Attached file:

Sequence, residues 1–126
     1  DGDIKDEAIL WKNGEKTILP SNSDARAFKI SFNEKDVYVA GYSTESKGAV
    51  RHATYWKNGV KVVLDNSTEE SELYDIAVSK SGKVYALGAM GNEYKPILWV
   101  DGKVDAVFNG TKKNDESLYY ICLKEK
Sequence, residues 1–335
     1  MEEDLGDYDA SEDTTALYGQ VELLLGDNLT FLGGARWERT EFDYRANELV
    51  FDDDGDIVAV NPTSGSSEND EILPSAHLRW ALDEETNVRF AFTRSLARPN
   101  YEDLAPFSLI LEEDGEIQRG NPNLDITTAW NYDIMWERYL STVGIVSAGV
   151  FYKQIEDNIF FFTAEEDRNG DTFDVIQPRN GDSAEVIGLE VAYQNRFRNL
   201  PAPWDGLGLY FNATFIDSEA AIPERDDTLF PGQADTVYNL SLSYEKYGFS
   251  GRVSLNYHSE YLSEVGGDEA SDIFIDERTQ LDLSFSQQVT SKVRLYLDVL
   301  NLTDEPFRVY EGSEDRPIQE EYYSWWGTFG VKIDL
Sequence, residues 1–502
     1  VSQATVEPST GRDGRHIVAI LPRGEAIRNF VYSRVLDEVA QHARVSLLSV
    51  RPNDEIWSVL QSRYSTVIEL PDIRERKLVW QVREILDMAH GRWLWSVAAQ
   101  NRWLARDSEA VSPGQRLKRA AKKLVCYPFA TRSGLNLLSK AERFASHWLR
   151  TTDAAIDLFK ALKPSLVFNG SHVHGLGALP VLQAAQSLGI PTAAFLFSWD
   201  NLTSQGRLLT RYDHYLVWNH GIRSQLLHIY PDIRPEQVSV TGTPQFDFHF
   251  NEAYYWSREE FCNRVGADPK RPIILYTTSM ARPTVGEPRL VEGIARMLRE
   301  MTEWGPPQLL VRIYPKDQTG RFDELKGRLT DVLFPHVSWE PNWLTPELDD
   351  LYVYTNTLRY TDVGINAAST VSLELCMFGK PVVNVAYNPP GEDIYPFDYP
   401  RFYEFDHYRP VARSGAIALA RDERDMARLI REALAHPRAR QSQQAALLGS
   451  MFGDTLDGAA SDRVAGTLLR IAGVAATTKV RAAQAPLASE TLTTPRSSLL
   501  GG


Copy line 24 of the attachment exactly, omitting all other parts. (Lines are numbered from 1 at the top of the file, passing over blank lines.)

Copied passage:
   501  GG